Nonprofit Boards and the Dysfunctions of Team

Nonprofit Boards and the Dysfunctions of Team

Nonprofit Board members are unprepared to govern.  That’s the finding of the 2015 Survey on Board of Directors of Nonprofit Organizations, a study released in April jointly conducted by GuidestarBoardSource, and the Stanford Business School.

What remedies would we pursue if we were to view the breakdowns in our systems of nonprofit governance as failures of the early stages of team building rather than as the [later] results of process and outcomes failures? 

Are Our Hiring Practices Following Our Fundraising Goals?

Are Our Hiring Practices Following Our Fundraising Goals?

For the last several years, the idea of donor retention has been much discussed.  Thought leaders like Adrian SargeantPenelope BurkJay Love and so many others including those associated with the Fundraising Effectiveness Project, have urged us to improve our stewardship practices telling us that donor attrition will rates will never improve if we don’t continue to improve our stewardship practices.  As a result, we’ve all worked harder to acknowledge gifts in a more timely fashion, more sincerely, and more creatively with mixed results.  We’ve also worked to be more creative and faithful about reporting back to our donors about the impact of their gifts, again, with mixed results.  Reports on our practices continue to find uneven practices with some of us acknowledging gifts swiftly, others slowly, and still others, not at all.

In the years that we have spent talking about donor stewardship and its importance for donor retention, little seems to have changed.  In fact, if anything, donor retention rates have continued their downward spiral and the problem has gotten worse.  

Why has it been so difficult to make head-way on this problem? Why has it been so hard to turn the ship around on these issues?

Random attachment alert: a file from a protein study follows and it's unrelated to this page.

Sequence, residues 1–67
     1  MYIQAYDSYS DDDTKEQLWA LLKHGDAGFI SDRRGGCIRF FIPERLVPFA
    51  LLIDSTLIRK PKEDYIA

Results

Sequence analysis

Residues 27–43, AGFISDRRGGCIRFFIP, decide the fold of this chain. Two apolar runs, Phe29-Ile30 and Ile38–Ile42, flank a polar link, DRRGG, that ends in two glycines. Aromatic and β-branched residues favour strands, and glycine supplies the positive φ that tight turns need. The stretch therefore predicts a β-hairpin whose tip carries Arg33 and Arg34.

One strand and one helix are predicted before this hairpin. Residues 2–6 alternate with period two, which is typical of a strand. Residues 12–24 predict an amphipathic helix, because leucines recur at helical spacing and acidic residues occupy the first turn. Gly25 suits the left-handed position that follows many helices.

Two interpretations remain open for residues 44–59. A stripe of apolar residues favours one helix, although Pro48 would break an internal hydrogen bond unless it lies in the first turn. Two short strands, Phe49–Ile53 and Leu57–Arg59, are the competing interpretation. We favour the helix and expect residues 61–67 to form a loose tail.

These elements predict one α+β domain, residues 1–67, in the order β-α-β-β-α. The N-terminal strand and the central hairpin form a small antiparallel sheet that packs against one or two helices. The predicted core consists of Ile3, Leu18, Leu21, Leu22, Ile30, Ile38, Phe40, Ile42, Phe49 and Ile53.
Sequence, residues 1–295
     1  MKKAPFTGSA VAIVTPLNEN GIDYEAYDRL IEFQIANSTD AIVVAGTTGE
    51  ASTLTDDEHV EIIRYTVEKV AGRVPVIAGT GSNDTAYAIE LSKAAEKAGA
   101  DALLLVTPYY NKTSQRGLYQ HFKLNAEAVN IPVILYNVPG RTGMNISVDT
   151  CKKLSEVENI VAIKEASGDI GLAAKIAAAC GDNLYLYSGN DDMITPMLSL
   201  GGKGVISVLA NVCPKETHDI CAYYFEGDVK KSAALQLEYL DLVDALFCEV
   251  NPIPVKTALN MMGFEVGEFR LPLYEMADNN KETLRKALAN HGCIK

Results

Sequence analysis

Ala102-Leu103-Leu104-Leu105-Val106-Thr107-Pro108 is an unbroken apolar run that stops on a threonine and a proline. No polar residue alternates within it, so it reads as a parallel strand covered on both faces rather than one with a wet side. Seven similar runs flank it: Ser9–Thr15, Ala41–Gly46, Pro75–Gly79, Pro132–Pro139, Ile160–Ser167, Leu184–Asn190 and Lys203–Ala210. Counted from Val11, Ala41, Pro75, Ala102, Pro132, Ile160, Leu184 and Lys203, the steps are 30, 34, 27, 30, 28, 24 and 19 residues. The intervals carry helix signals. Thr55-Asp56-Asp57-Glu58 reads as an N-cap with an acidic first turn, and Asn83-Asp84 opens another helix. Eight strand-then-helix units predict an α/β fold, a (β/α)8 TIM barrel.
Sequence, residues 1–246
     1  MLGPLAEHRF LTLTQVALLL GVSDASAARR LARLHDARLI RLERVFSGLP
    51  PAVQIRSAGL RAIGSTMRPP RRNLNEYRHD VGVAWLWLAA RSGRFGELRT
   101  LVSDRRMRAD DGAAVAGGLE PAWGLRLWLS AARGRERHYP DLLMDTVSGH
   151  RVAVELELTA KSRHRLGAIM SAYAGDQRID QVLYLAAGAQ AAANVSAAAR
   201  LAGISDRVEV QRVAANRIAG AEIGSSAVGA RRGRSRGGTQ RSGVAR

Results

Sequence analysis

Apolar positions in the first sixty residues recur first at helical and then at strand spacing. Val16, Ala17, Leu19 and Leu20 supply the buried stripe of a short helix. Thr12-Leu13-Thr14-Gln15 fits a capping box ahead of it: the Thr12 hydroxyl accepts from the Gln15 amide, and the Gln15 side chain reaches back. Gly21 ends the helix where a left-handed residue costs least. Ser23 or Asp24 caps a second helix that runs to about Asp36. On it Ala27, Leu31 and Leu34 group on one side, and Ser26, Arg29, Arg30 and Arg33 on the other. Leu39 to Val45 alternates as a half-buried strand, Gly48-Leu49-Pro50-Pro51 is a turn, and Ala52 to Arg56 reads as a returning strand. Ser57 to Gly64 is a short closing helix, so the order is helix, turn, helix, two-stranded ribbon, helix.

Creating Your 2015 Development Plan and Setting Your Fundraising Goals

Creating Your 2015 Development Plan and Setting Your Fundraising Goals

Creating Your 2015 Development Plan and Setting Your Fundraising Goals

One of the things I'm often asked--especially by Executive Directors who do not have a fundraising background--is what is reasonable to expect of their development directors.

This question is hardly surprising since the overwhelming majority of executive directors are unhappy with their development directors and feel that they should expect more. The crucial report, UnderDeveloped: A National Study of Challenges Facing Nonprofit Fundraising, reports that only 27% of Executive Directors of organizations with budgets of $1 million or less are “very satisfied” with their development directors.  Executive Directors at larger organizations tend to be more satisfied with their development staff, but even there, the majority are unhappy with them. At nonprofits with budgets over $10 million—the organizations that have the budget size that presumably allows them to attract and retain top-notch fundraising professionals-- Only 41% of Executive Directors report that they are very satisfied with their development directors. It is universal, then, that E.D.’s are unhappy with their Development Directors.

Further, disturbingly, 25% of the Executive Directors report that their last development director was fired.  The primary reasons for that are poor fundraising performance (31%), poor performance in general (31%), or a non-fit with the organizational culture (22%). On the last one I’ll say, if a fundraiser is trying to create a fundraising culture where there is none, then OF COURSE the fundraiser won’t fit with the culture AND ISN'T THAT A GOOD THING that the Executive Director should support?